Vance-Granville Community College’s commencement exercises on May 15 awarded a record 574 degrees and diplomas, according to an announcement Monday night from VGCC President Dr. Stelfanie Williams.
Dr. Williams made the report to the VGCC Board of Trustees at the board’s bi-monthly meeting at the main campus on May 18. She noted that the registrar is still processing graduates as well as grade changes and expects additional completions.
Marking perhaps the largest graduation attendance in college history, too, 18.5 percent more graduates marched across the stage in 2015 than last year, resulting in the largest audience of family and friends for the event on the campus by the college’s gazebo and lake.
In her report to the board, Dr. Williams also cited record fundraising from the latest golf tournament. The golf tournament, held May 5, raised $100,318 to help fund scholarships for deserving students and to support the mission of the college, Dr. Williams noted. With Oxford-based Union Bank as a presenting sponsor, the tournament set a new record as the highest-grossing golf tournament in VGCC history, nearly doubling the previous record of $51,000, set last year.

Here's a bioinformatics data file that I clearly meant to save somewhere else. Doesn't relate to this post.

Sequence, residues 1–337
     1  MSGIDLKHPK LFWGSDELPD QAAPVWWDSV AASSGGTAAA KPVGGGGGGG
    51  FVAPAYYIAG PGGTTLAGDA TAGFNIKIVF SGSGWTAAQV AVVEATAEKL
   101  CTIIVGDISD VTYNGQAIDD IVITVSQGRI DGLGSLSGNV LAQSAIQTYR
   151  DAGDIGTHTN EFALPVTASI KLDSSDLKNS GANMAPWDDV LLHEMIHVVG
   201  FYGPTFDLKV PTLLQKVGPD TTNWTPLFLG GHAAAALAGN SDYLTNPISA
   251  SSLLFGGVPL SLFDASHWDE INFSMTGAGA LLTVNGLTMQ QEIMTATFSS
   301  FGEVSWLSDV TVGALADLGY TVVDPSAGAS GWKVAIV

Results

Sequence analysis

Vance-Granville’s administration is exploring opportunities for the development of programs and services.
In the Executive Committee report, led by board chair Deborah Brown, Dr. Williams outlined potential projects in the areas of student success, faculty development and college facilities.
“The Executive Committee requested that I look at some development projects for which we might utilize donor funds to help us move forward,” said Dr. Williams. “These are the broad, fluid projects that we propose as development projects that could benefit from funds donated to support the college.”
Among the student success projects to be explored are: